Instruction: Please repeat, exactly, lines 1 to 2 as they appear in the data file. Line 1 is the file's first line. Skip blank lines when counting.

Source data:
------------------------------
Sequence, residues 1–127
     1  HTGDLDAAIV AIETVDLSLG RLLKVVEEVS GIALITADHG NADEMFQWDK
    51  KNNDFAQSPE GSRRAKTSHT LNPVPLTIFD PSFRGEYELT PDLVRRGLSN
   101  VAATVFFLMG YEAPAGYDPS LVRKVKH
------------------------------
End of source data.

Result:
Sequence, residues 1–127
     1  HTGDLDAAIV AIETVDLSLG RLLKVVEEVS GIALITADHG NADEMFQWDK